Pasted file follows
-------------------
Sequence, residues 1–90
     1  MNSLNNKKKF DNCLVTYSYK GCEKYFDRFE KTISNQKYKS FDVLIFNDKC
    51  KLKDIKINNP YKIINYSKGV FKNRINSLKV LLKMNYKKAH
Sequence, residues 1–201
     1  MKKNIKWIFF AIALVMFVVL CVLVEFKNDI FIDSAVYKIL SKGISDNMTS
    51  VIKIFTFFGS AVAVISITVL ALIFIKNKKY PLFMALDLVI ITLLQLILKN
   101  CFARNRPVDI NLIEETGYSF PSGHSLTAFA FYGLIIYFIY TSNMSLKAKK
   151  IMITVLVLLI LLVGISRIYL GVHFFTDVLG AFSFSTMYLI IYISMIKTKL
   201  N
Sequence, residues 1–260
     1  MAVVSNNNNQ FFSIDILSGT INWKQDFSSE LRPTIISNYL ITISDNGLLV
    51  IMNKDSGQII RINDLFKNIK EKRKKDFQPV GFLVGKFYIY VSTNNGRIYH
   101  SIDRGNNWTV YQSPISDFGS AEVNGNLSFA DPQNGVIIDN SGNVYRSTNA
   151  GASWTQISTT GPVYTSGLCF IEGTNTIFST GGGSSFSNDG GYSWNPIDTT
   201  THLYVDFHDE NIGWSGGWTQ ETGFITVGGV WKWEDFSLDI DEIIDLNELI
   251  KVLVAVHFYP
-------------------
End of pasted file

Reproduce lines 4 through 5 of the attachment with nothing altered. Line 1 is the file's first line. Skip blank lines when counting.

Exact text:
Sequence, residues 1–201
     1  MKKNIKWIFF AIALVMFVVL CVLVEFKNDI FIDSAVYKIL SKGISDNMTS